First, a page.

So, we put Sophie on the trailer and went for an overnight visit to EC’s. I was equal parts excited and nervous. I had total faith EC was going to get us back to a good place, but equally taking the baby horse for such an excursion was going to face her with a lot of new challenges. We’ve taken everything so slow and steady to this point I had no real idea how she’d react to me throwing her a little into the deep end.

Step 1: The three hour trip including an hour on the ferry and a half hour waiting in the lineup. I brought Bridget for moral support because she’s so solid about this journey, so the most part, Sophie just ate hay and napped like a sensible pony.

An uneventful journey, whew! When we arrived, they both just wandered into their paddock and kept on eating. Ginger, on the other hand...(super long time readers might remember my Welsh D mare Ginger, who I sold several years ago to a lovely lady at EC’s barn)...Ginger was self appointed greeting committee and NOT pleased at all to see her old pasturemate Bridget, to the point of repeatedly charging and ramming the fence separating them. Sophie was also not welcome, because obviously any friend of Bridget’s is no friend of hers. Poor Sophie! Not a confidence inspiring intro to the barn.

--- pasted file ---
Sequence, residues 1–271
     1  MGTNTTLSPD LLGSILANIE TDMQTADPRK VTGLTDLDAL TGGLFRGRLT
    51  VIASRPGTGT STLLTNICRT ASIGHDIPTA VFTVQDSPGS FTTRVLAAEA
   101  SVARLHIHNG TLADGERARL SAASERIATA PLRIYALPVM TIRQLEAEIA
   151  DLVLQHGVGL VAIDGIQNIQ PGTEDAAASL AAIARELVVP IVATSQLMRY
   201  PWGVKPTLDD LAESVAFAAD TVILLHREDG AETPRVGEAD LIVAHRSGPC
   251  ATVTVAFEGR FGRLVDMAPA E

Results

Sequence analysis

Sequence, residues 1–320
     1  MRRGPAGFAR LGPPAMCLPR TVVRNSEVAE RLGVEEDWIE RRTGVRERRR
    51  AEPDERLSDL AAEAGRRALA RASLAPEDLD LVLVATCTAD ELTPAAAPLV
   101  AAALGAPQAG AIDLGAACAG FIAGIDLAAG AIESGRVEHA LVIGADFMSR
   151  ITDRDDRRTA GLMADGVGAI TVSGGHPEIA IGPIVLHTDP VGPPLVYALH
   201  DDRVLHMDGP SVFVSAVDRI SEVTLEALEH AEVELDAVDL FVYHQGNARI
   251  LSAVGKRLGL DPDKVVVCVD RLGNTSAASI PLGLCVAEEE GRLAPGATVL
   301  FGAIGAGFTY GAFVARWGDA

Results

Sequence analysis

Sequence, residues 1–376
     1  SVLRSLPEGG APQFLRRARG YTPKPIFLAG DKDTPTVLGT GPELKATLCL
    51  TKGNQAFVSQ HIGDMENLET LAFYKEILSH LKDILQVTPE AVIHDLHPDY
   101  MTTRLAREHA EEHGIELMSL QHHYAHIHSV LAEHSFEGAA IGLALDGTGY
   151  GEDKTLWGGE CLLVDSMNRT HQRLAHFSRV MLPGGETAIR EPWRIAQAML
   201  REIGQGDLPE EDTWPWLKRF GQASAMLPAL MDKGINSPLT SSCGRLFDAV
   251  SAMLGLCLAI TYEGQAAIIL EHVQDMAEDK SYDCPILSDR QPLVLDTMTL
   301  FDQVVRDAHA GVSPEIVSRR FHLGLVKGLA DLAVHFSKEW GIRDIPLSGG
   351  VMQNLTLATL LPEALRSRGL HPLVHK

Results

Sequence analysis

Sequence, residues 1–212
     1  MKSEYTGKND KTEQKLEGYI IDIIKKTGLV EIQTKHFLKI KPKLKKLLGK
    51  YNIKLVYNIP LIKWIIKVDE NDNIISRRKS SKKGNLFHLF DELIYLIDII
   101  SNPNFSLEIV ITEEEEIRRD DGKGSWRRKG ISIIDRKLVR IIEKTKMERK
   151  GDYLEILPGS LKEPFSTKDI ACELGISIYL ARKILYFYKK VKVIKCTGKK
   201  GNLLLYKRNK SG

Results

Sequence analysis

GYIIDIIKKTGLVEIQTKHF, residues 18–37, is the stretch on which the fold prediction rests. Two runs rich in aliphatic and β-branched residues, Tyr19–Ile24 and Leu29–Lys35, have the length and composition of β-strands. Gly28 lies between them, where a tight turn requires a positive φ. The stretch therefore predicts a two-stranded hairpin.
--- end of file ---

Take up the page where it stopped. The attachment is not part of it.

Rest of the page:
Our first lesson, from my perspective was equal parts good and awful. Sophie “forgot” everything she ever knew, so even tacking her up and getting on required reminders that the rules are the same everywhere. We then proceeded to spend a long time imitating a llama stuck in a tar pit. Which is fine, because that’s why I was there. What I was beyond pleased with is that EC’s is a very busy lesson barn with so much for Sophie to look at, but she didn’t bother much with any of that - she was really, really solid with all the things you’d normally expect a younger horse to look at or take offence to. Also, high five to me for getting on and getting it done, because I was way more worried about all the things than Sophie ;)

Like one of those puzzles. “Find 10 things this pony would normally spook at“ :)

Spooks all day long at the one mirror at home, yet a wall of them is fine.

EC then hopped on and mostly sorted my issues in about 30 seconds, lol. The really excellent part for me was seeing her ride S, and getting so much feedback about how she’s going, what I’ve done well, and what I really need to improve.